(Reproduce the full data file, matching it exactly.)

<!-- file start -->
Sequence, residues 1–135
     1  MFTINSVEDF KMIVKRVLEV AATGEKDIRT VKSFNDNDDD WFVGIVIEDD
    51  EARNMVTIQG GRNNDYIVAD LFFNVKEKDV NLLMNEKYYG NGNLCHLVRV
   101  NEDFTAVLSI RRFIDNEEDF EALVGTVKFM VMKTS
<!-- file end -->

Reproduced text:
Sequence, residues 1–135
     1  MFTINSVEDF KMIVKRVLEV AATGEKDIRT VKSFNDNDDD WFVGIVIEDD
    51  EARNMVTIQG GRNNDYIVAD LFFNVKEKDV NLLMNEKYYG NGNLCHLVRV
   101  NEDFTAVLSI RRFIDNEEDF EALVGTVKFM VMKTS